On the next page, you are presented with a small-scale map with the place you searched for at its centre and on the right, a list of available tiles. Each tile is a square section of map and you will need to identify which tile or tiles are required for your purposes. Probably the best way to start is to zoom in to the map using the tools provided. As you zoom in, the map will show more deytail and the number of tiles covering the area will reduce. If you look carefully at the map, you will see that the tile boundaries are shown so that you can see what is included. If you continue zooming until you can see the detail of the Avery Hill campus, you will notice that there is only one tile needed - tq47. Select "tq47" in the tile list and click the "Continue" button.
Finally, you are taken to the download page. If you have followed this example, you will see that you will be downloading 1 tile (tq47) and that the file size is approximately 8MB. There are also a number of compression options available but, the default (zip archive) is the best for general use.
Note the warning about the time required to make the data available (it can take a while, especially at busy periods) and click the "Extract Data" button. The next page is a holding page and just tells you that your data is being retrieved and offers a link to check the status of your request. Click the link now. If the Digimap service is very busy, you may have to wait a little longer but in most cases, you will see a page that contains a list of files ready for download. The only file you need is the one called data.zip because all the other files in the list are also contained in the zip file.
Download the file by clicking on the file name in the list. You will get a little Windows dialogue box asking if you want to save the file. Click the "Save" button and select a folder where the file will be saved (remember where you save the file, you will need to find it later).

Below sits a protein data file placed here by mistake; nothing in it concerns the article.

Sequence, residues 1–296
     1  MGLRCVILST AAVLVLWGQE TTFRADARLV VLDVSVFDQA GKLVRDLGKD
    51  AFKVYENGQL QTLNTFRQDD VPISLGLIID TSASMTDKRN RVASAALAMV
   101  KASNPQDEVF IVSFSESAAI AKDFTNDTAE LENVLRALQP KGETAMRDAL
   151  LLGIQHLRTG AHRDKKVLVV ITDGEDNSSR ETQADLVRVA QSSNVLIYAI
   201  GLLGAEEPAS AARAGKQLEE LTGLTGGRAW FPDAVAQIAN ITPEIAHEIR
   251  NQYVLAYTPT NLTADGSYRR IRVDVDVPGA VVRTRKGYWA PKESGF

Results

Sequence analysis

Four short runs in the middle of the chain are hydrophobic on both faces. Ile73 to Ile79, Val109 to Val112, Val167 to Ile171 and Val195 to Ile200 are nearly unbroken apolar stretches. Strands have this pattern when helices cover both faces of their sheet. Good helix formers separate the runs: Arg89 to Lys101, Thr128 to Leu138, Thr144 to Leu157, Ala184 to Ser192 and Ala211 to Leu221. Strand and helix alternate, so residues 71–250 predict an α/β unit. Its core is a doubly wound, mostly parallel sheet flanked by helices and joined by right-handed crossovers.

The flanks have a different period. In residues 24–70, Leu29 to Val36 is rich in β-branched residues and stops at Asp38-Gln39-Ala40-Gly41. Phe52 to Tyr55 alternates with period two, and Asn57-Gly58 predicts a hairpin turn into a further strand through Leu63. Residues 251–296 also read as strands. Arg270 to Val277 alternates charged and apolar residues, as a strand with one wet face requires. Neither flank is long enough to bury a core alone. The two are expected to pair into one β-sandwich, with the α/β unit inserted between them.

How do I extract the map?
Before you can open the TIFF file in Photoshop, you must extract it from the archive. The method for doing this may vary depending on your zip software but you can usually just double-click data.zip in order to open it. In this example, I am using WinZip to open the archive and you can see that there are 4 files. In fact, you only need one of them. Click-and-drag tq47.tif into the folder where you keep your project files.
How do I work with the map in Photoshop?
Start Photoshop and open tq47.tip (). The first thing you may notice is that the image looks crude and blocky. That's because the OS saves raster maps in Index Color mode in order to keep file sizes down. That means the maps use a restricted colour palette of just 256 colours and you will find that many Photoshop tools are not available (greyed-out) when working with index colour images. In order to work with this map in Photoshop, you will need to change the mode to RGB Color. To do this, select from the pull-down menu. Once you have done this, you will see an immediate improvement in the quality of the image and you will have access to all the Photoshop tools such as layers.
You can now use the map just as you would any other image or photograph.
Printing and scale considerations
The OS 1:25000 raster maps have a print resolution of 100 pixels per centimetre. This information will help when working out how big your map will be when it's printed. For example, if you want to print the whole tile (4,000 x 4,000 pixels), the resulting print will be 40cm x 40cm. This is too big for an A3 sheet but will fit comfortably on an A1 sheet.
If you need to reduce the size of the map in order to fit an A3 sheet, you could crop the map (maintaining its scale) so that it occupies less space or you could reduce the image size to 50% (in Photoshop). This will effectively change the print scale to 1:50,000 and the printed map will be 20cm x 20cm.
Always leave enough whitespace at the right-hand edge or along the bottom of the sheet for a legend and title block. Also, remember to include a scale bar and north point when presenting map extracts even if the scale and orientation seem obvious.
Top Tip: Make sure any text you add to the map and legend is easily readable at the print scale.